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Discussion Starter · #1 ·
Bare with me here in this question as I might not be able to word my own question so it’s understandable.
This is a case of the more I know, the less I know.
I’m looking at a couple of guns. $1900-2800 price Range. Nothing has everything I want. The Citori 725 Trap is on my scope. But even with this gun, I’m being told I should probably get an adjustable comb installed. Butt plate recoil system. And as far as I know the rib isn’t adjustable. So it seems extra money would need to be spent.
My question is, would a person be wise to buy something cheaper and then use aftermarket items like AddaRib and Sps products? Hope my question is understandable.
For example I can get my hands on a Citori CXS for less money. Would it be unwise to do this with the thought of replacing the stock and AddaRib. This gun would be almost exclusively used for Trap.
Believe me, I want a much more expensive gun but that’s not in the cards today.
Thanks for putting up with the noob question.
 

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The stock of the gun is worth more than the actual gun as long as you are buying a quality manufactured action and barrel.

Find the out the characteristics of the gun you want and build around that. Barrel length, weight, rib height, etc. Then get the stock to fit you. Its better if you can have one piece of wood but slight modifications are fine too. Once you start adding on a bunch of stuff the balance may need to be fiddled with.

Your budget for a quality OU is kind of low. You can find a nice gun, don't get me wrong. But you won't have everything - but the variance in how close the gun will fit you will depend on how close your build is to the average person.

Some people won't agree but I believe it.
 

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OK, so your a new shooter right! IMO you do not need a adjustable rib at all. So now we have to narrow down your search to a high rib? Or a standard rib? Only you can decide which is better suited for your needs. There are lots more standard ribs out there than high ribs. But since you plan to shoot mostly Trap. It would be hard to go against the high rib shotgun? But you still may not like one. I suggest you borrow one of each and see which one you like best. I would then tell you to look at a Browning shotgun with that type of rib.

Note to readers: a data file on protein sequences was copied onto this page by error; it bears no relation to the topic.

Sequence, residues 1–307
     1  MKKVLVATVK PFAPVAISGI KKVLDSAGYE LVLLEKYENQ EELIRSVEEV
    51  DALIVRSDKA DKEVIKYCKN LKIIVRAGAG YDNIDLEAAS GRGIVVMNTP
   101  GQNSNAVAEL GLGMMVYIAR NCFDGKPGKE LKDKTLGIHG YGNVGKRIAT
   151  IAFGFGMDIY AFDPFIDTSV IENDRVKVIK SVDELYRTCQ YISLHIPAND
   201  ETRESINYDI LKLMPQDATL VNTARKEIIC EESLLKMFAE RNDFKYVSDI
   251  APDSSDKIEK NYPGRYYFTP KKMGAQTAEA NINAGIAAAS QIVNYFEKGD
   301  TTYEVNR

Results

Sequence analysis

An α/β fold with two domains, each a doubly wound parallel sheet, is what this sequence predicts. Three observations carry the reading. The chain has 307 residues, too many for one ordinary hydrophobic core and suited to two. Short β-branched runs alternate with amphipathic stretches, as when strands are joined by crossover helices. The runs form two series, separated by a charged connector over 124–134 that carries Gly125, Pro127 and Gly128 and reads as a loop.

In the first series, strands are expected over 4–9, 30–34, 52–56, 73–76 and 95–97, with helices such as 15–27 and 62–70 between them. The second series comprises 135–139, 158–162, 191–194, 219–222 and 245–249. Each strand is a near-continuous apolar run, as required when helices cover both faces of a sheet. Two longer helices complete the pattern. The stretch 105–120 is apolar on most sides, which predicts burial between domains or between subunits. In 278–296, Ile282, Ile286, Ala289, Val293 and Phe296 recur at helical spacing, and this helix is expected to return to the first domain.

Mount any shotgun in the mirror. Align your eye so you see the two beads stacked up like a figure 8. Or a snowman if you prefer. Then look at your eye's and shoulders in the mirror. You need to see your eye's level and your shoulders level to the ground. If your nose touches your thumb that means your stock is too short. Your eye must line up on the two beads. If your eye needs to move to the left, right or move upward? You need a adj. comb. If you have to lower your head to the stock so that your eye's are no longer level to the ground. You need a adj. butt plate. This way you can lower the recoil pad to bring your stock back upward to level your eye's again. The gun should mount up to your face. You never want to lower your head to the gun.

Lastly the Browing CX (all around model) model, or the CXT (trap) model would suit your needs much better than the flat shooting CXS model shotgun. I Hope this helps you out. If you have any other questions just shoot!!! We'll try to help Ya. Don't forget to break em all Jeff
 

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Oh Yeh, the CX and the CXT are mostly a standard rib shotgun. If you prefer the higher rib shotgun you have to move up to the 725 line of shotguns. Once again your choices are the High Rib Sporting Clay model. Or the 725 Trap model. The only real difference between all 4 shotguns is the type of forend they have. The Sporting model has the Schnabel type forend while the Trap model has a semi-beavertail type forend wood. Just pick the one you want. The shotgun is about the same. The stock may be slightly differnet between them. But you would have to shoulder each one to see if there is any difference for you. This is likely hard to impossible with most shooters. Since everyone orders shotguns on-line now. But if you look around at all your clubs and put in the time and effort. You may very well be able to find both shotguns and try them. Most shooters will let you try there shotgun for a round if you like. Just ask them nicely and explain your new and looking for a new shotgun. Do try to pay them back with a hot dog/cold drink/or a cold draft after shooting is over. Just take your time and try as many different guns as you can. Ask the shooters what they like about there shotgun if you like. If you plan on being there for a while. Some shooters will tell you a story. LOL. Good Luck and don't forget to break em all jeff
 

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Discussion Starter · #5 ·
Thanks all. I’m almost certain to get Browning. The local gun club has all the models we are talking about available to rent. I rented 2 yesterday to try.

In the short time since I posted this question, I spoke to and hired a coach. I won’t say his name now, but his credentials look amazing to me. I asked him the basic question on the phone that I asked here. I was hoping to purchase one today. His answer was, “Don’t buy any of them until we meet and I see you holding them”. So I’m going to go with that for now. I’ll let you all know how it turns out.